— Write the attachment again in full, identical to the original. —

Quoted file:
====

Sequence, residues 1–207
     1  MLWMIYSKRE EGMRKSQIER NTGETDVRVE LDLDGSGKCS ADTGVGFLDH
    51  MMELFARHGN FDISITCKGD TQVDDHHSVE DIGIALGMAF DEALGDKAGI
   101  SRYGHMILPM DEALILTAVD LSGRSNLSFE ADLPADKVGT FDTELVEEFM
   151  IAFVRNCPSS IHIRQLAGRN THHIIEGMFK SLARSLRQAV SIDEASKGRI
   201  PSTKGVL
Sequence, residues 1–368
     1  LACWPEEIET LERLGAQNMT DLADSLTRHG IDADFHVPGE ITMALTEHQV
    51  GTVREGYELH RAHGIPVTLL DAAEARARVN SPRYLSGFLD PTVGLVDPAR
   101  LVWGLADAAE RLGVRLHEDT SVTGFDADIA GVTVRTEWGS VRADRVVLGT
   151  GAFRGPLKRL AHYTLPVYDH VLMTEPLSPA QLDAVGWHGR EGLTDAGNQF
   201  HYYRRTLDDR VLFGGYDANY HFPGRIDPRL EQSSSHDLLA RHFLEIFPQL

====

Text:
Sequence, residues 1–207
     1  MLWMIYSKRE EGMRKSQIER NTGETDVRVE LDLDGSGKCS ADTGVGFLDH
    51  MMELFARHGN FDISITCKGD TQVDDHHSVE DIGIALGMAF DEALGDKAGI
   101  SRYGHMILPM DEALILTAVD LSGRSNLSFE ADLPADKVGT FDTELVEEFM
   151  IAFVRNCPSS IHIRQLAGRN THHIIEGMFK SLARSLRQAV SIDEASKGRI
   201  PSTKGVL
Sequence, residues 1–368
     1  LACWPEEIET LERLGAQNMT DLADSLTRHG IDADFHVPGE ITMALTEHQV
    51  GTVREGYELH RAHGIPVTLL DAAEARARVN SPRYLSGFLD PTVGLVDPAR
   101  LVWGLADAAE RLGVRLHEDT SVTGFDADIA GVTVRTEWGS VRADRVVLGT
   151  GAFRGPLKRL AHYTLPVYDH VLMTEPLSPA QLDAVGWHGR EGLTDAGNQF
   201  HYYRRTLDDR VLFGGYDANY HFPGRIDPRL EQSSSHDLLA RHFLEIFPQL